“He is pure competition. He does not fear the end of his dominance, being drilled into retirement by guys who wouldn’t have been able to touch him when he was beautiful, at his best. Those fears are for the people who love him, who love watching him, who hurt when he fails. They are not for the fighter.” – Howard Bryant on Mariano Rivera
Michael Jordan turns 50 this week, and the quote could have applied to his final chapter in Washington, or an appearance at this weekend’s All-Star game. Only the embodiment of pure competition could be drawn back to the game after the iconic game-winner against Utah in 1998. There is no off switch, just an expiration date.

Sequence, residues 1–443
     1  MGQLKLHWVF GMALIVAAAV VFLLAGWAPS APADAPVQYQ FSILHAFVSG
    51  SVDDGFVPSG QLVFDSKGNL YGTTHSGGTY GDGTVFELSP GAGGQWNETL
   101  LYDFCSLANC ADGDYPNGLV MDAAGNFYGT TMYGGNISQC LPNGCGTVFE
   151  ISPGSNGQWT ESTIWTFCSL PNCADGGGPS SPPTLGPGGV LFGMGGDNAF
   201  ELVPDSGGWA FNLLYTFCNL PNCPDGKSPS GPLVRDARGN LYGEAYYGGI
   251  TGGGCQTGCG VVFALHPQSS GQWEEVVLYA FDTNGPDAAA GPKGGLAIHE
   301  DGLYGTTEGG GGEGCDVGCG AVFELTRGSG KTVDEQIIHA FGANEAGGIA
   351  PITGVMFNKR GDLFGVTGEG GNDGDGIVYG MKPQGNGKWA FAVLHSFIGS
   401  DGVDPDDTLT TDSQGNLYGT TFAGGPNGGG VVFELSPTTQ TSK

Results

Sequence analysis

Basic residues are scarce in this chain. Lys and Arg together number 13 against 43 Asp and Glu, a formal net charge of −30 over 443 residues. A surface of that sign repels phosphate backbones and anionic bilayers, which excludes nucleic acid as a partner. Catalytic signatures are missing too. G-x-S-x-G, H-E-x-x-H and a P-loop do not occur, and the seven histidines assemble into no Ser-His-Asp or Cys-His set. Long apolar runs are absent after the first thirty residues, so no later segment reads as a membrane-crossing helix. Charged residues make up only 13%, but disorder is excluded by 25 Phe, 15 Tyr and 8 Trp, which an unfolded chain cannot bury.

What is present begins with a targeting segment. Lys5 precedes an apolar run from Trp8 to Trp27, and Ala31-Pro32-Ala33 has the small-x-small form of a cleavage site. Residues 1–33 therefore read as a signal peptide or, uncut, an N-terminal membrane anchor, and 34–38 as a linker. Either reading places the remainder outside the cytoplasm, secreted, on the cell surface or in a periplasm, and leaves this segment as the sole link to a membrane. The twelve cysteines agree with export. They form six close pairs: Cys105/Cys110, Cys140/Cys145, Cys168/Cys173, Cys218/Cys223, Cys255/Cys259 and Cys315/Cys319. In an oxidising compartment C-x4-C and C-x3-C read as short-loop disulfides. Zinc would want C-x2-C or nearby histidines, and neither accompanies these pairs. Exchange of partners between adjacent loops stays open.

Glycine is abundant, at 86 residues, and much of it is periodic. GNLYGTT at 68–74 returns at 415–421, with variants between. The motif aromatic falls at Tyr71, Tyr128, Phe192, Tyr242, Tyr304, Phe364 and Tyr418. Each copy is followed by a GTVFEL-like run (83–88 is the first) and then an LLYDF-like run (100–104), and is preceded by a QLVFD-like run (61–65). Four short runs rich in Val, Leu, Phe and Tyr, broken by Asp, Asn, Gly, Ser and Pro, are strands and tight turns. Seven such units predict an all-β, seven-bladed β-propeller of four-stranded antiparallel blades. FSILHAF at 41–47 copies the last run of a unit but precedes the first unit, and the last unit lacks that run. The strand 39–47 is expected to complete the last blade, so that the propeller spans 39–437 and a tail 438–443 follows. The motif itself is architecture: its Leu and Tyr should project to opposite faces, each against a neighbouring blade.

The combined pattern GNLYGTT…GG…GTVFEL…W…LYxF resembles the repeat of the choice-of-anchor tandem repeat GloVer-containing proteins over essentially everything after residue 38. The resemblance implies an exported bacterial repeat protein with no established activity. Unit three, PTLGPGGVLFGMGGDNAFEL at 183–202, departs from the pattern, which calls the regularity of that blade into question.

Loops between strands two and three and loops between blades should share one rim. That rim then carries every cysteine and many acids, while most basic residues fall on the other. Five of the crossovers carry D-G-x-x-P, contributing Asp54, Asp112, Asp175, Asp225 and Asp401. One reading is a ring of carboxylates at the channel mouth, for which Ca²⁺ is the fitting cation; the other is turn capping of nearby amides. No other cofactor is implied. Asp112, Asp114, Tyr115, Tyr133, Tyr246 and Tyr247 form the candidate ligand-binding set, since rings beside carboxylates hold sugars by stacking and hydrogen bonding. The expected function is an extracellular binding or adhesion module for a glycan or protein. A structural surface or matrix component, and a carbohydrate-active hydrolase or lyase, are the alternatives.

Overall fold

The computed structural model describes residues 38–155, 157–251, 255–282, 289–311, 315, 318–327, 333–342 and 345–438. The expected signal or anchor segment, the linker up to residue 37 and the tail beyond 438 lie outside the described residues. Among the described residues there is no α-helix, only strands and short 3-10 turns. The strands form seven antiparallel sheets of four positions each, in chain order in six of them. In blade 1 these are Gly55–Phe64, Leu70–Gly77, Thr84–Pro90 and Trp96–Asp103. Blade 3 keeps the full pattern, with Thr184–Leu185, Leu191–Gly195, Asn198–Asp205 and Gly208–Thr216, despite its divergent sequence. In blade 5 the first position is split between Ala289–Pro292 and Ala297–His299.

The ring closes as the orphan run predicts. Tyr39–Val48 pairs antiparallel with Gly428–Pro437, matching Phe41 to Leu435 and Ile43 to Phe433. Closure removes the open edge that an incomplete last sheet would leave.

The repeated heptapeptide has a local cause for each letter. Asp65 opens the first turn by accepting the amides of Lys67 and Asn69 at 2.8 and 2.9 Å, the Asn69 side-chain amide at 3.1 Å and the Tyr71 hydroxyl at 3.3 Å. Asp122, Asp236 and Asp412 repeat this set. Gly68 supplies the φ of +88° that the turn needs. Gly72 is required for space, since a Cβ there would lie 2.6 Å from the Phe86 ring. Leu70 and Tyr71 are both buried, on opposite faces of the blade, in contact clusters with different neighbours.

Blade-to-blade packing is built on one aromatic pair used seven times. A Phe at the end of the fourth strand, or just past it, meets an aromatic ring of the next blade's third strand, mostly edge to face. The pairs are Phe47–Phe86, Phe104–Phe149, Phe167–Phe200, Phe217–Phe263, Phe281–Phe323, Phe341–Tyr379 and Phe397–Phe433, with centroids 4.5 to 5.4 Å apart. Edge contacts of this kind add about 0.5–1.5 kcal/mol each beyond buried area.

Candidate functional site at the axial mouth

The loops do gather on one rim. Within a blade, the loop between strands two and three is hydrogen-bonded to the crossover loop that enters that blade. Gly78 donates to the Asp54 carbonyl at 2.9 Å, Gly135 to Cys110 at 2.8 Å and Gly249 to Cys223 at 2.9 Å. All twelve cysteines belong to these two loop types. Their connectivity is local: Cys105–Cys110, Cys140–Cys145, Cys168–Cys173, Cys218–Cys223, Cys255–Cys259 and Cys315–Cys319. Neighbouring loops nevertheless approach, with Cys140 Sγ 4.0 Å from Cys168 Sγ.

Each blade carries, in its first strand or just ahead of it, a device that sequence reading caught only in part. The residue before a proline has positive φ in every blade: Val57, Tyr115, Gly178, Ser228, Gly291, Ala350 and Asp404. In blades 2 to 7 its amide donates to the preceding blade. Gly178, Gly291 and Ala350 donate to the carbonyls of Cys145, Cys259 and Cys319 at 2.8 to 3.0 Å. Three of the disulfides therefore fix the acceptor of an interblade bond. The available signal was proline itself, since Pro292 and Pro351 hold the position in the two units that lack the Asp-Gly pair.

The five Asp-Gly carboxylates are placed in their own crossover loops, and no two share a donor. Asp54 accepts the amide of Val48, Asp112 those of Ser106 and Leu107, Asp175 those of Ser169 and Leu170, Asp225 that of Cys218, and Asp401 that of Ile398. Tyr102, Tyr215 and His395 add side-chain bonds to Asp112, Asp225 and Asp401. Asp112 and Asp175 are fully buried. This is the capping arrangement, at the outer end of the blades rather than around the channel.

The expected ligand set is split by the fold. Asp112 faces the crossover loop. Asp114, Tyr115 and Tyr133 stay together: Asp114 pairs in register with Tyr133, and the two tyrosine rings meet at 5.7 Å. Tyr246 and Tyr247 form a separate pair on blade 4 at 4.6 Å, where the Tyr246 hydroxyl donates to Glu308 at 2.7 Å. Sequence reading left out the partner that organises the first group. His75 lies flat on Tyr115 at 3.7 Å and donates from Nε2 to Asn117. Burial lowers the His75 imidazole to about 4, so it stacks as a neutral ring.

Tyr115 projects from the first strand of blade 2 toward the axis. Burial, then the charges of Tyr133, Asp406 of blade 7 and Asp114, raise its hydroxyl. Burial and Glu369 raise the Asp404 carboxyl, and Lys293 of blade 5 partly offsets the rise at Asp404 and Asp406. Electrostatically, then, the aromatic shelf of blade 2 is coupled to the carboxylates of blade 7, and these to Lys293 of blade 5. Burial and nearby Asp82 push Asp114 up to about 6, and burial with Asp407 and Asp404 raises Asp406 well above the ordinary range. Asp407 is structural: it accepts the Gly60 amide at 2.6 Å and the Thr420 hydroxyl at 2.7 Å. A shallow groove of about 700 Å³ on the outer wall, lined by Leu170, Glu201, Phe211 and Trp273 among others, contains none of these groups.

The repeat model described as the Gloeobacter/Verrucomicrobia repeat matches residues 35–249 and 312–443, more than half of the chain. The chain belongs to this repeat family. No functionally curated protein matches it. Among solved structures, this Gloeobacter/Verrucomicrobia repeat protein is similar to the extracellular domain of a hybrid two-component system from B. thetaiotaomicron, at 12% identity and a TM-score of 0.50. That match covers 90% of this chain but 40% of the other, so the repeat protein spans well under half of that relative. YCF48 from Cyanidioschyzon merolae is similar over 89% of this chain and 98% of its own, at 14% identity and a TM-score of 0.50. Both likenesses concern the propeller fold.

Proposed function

Jordan is the dominant athlete of my generation. The reference point. The measuring stick. There is no debate. Six titles. Six finals MVP’s. Two Gold Medals. One NCAA title. Images and anecdotes that will live in perpituity. They will all be recounted this weekend and on wikipedia.
The generational distinction is contemporaneously palpable. The unmistakable shift in the balance of power during the 91 finals against a proud, but aging Lakers team. With every game, it became more apparent that Jordan was so far and away the best player that you began to feel sympathy for the Lakers. The blend of anticipation and inevitability of Jordan facing the Knicks, who had become tragically obsessed with beating the Bulls, but ultimately incapabable. The realization that Jordan would single-handedly prevent Orlando from feeding the post in the 96 playoffs.
The signature Jordan move being the public humiliation of any deemed MVP of the league